Israel U-turn on JCPOA reveals its propaganda tactics

October 13, 2021 - 21:27

TEHRAN – In a contradictory departure from Israel’s longstanding propaganda, former Mossad chief Yossi Cohen has said Iran is not even close to getting a nuclear weapon, laying bare Tel Aviv’s deceitful campaign against Iran which rests on magnifying Tehran’s alleged threats against Israel. 

Speaking at a conference hosted by the Jerusalem Post, Cohen struck a different note about Iran’s nuclear program and boastfully hinted that Israel was behind acts of sabotage targeting the Iranian nuclear facilities. 

“I think that Iran, to this day, is not even close to acquiring a nuclear weapon,” the former Israeli spy chief said. “This is due to longstanding efforts by some forces in the world.”

The remarks came at a time when Israel strenuously seeks to influence the U.S. stance on reviving the 2015 Iran nuclear deal, officially known as the Joint Comprehensive Plan of Action (JCPOA), and that they cannot be separated from Israel’s overall policy toward Iran. 

Cohen himself was aware that he was moving away from the official line. So, he described his view as “different.” But this cannot be construed as a personal view given the fact that Cohen stopped reading “intelligence” only a few months ago. 

During his tenure as Mossad chief played a crucial role in Israel’s propaganda against Iran and building the case for U.S. withdrawal from the JCPOA. In Early April 2018, just slightly more than a month before former U.S. President Donald Trump pulled Washington out of the JCPOA, Cohen managed to plant a story in western media that Mossad is “100 percent certain” Iran seeking nuclear weapons even while the JCPOA was still in place and that the nuclear deal must be “completely changed or scrapped.”
Cohen called at the time the nuclear deal a “terrible mistake,” saying it allows Iran to keep key elements of its nuclear program intact and will remove other restraints in a few years.

As head of the Mossad, I am 100 percent certain that Iran has never abandoned its military nuclear vision for a single instant. This deal enables Iran to achieve that vision,” the then Mossad chief claimed. “That is why I believe the deal must be completely changed or scrapped. The failure to do so would be a grave threat to Israel’s security.”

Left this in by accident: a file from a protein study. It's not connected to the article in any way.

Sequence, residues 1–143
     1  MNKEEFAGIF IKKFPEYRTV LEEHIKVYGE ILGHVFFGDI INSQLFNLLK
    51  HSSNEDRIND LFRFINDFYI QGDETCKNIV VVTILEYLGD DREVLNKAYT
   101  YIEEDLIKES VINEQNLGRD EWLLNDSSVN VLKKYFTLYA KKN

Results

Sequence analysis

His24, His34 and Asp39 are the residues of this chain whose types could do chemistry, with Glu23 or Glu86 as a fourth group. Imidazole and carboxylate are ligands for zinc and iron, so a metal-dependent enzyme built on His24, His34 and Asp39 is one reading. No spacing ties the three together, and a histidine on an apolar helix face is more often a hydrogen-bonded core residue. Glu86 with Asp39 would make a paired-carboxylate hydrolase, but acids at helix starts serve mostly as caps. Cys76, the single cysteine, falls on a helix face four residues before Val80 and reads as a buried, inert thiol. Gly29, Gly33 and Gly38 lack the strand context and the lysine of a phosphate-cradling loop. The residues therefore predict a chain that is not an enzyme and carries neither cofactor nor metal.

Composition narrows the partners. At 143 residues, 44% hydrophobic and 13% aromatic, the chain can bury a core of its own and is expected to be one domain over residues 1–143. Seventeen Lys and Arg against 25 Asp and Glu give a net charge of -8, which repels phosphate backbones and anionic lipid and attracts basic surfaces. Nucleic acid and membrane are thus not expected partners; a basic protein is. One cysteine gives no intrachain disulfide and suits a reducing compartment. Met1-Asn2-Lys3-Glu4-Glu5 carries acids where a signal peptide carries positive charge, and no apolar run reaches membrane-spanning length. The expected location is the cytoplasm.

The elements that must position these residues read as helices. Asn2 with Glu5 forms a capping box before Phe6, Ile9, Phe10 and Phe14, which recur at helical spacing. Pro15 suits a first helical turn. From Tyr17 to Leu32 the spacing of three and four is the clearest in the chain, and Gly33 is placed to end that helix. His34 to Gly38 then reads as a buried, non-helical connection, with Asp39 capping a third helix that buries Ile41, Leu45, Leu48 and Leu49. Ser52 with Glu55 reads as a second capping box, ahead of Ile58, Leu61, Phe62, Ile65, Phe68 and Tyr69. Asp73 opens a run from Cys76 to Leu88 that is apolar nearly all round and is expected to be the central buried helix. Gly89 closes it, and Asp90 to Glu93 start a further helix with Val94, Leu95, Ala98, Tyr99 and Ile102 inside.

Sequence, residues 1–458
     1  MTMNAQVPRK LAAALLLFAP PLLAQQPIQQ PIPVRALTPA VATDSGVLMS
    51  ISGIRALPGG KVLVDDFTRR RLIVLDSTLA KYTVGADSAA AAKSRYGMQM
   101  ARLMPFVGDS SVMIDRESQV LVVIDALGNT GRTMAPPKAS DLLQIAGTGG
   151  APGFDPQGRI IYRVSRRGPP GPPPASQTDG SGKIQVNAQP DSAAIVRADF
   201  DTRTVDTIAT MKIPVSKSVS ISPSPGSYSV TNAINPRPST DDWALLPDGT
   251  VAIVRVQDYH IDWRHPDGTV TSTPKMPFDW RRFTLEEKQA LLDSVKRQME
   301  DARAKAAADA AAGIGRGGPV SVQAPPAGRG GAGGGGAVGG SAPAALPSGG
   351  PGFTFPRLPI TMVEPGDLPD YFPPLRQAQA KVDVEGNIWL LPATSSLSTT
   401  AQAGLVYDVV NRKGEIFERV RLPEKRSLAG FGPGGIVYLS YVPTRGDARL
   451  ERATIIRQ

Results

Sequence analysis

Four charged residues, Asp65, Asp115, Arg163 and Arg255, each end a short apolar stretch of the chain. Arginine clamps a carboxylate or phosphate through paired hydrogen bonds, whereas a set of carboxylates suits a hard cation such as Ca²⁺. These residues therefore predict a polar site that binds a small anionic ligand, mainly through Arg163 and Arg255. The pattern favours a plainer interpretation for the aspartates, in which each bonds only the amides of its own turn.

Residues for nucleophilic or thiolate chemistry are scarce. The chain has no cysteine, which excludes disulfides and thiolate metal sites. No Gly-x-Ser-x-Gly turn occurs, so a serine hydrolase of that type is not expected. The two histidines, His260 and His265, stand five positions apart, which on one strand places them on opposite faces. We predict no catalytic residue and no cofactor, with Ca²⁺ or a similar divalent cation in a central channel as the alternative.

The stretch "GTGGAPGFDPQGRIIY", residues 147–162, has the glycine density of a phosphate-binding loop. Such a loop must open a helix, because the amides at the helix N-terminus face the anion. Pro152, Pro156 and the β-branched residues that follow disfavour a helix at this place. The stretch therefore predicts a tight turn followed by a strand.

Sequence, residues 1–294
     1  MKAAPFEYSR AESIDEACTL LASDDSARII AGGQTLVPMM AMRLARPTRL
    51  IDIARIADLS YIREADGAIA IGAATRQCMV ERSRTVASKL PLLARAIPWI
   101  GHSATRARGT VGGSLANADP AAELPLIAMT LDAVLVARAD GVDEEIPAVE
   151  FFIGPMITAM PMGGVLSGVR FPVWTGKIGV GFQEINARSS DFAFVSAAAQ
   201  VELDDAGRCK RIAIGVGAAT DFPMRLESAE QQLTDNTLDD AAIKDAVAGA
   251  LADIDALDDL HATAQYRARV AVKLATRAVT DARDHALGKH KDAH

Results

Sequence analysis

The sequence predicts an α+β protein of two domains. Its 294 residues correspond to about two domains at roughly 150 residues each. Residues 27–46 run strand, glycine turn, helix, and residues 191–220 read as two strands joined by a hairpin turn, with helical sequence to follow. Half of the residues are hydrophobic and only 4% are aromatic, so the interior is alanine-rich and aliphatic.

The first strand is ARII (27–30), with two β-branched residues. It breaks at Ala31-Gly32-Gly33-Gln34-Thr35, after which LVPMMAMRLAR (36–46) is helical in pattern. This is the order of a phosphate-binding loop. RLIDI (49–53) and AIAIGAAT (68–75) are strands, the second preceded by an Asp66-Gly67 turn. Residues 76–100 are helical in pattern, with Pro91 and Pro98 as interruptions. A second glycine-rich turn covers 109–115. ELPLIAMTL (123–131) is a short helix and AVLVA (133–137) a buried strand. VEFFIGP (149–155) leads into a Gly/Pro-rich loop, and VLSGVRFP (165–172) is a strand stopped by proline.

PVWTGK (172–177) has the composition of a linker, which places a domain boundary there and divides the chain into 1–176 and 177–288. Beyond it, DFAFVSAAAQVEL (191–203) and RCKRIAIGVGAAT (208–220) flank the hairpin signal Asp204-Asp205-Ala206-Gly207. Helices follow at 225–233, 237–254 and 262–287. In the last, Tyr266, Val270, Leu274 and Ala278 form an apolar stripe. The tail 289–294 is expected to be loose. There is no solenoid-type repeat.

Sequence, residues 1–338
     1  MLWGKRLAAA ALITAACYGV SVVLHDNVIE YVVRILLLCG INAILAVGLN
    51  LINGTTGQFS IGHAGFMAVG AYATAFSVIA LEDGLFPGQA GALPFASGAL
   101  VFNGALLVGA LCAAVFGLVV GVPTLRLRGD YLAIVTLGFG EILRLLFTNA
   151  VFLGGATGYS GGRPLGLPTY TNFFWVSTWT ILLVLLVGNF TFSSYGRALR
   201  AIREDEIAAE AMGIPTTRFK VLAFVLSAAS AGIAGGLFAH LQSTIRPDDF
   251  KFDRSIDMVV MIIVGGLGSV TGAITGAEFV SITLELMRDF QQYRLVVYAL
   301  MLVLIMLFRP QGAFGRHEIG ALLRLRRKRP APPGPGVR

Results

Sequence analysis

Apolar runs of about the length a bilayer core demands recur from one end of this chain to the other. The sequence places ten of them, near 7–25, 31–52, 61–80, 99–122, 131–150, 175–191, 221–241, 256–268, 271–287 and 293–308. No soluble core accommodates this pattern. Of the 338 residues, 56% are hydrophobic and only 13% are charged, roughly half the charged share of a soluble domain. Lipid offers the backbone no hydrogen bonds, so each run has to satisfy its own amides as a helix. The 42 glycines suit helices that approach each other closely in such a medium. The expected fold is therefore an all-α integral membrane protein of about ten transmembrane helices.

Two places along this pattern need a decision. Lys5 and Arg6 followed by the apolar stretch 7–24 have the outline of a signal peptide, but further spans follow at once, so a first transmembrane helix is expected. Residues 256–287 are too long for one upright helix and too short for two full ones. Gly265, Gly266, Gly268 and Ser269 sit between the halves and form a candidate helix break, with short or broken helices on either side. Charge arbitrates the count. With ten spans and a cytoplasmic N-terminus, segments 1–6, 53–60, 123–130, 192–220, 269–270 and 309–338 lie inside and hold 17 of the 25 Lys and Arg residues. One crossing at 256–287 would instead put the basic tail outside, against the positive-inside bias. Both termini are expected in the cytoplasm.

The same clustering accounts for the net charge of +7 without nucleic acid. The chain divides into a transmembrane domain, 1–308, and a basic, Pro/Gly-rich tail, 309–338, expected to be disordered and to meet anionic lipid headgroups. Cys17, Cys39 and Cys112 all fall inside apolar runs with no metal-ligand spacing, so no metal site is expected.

In the ensuing month, Trump withdrew from the JCPOA and embarked on a policy of “maximum pressure” against Iran that continues to this day. 

In the time since Israel kept raising alarm bells about Iran getting a nuclear weapon within few months. For instance, in February this year, Israel’s energy minister said it would take Iran around six months to produce enough fissile material for a single nuclear weapon. 

This exactly corresponds with a projection by former Israeli Benjamin Netanyahu in September 2012. “They are very close, they are six months away from being about 90 percent of having the enriched uranium for an atom bomb,” Netanyahu told NBC at the time. 

So which assessment is correct? None, in short. Because Iran has made it crystal clear that it does not seek to develop a nuclear weapon and its nuclear program is solely for peaceful purposes.  

Israel propagates misinformation against Iran’s nuclear program at every critical juncture. They use this strategy to extort more security and military concessions from the United States and, more recently, from some Arab states. 

Without magnifying Iran’s alleged threats, Israel would have never succeeded in normalizing ties with these Arab states. Cohen called this normalization “one of the greatest accomplishments ever” and “a majestic thing” that is “no less than a miracle for Israel.”

Israelis now hope that other Arab states, especially Saudi Arabia, join the normalization push. But they seem to have difficulty convincing Saudi Arabia and its allies that the benefits of normalizing ties with Tel Aviv outweigh its costs. Saudi Arabia has been involved in talks with Iran since April and the two countries are reportedly inching toward a deal to reopen consulates and restore diplomatic ties after more than six years of unrelenting tensions. And even in this regard, Israel feels it is the loser.

An opinion piece published by Haaretz opined that if the Saudi-Iranian rapprochement is successful and the Saudi consulate in Tehran is reopened, and relations between the two countries are normalized; This would mean the elimination of the anti-Iran alliance, on which Israel relied and pinned many hopes, including the possibility of establishing diplomatic with Saudi Arabia.

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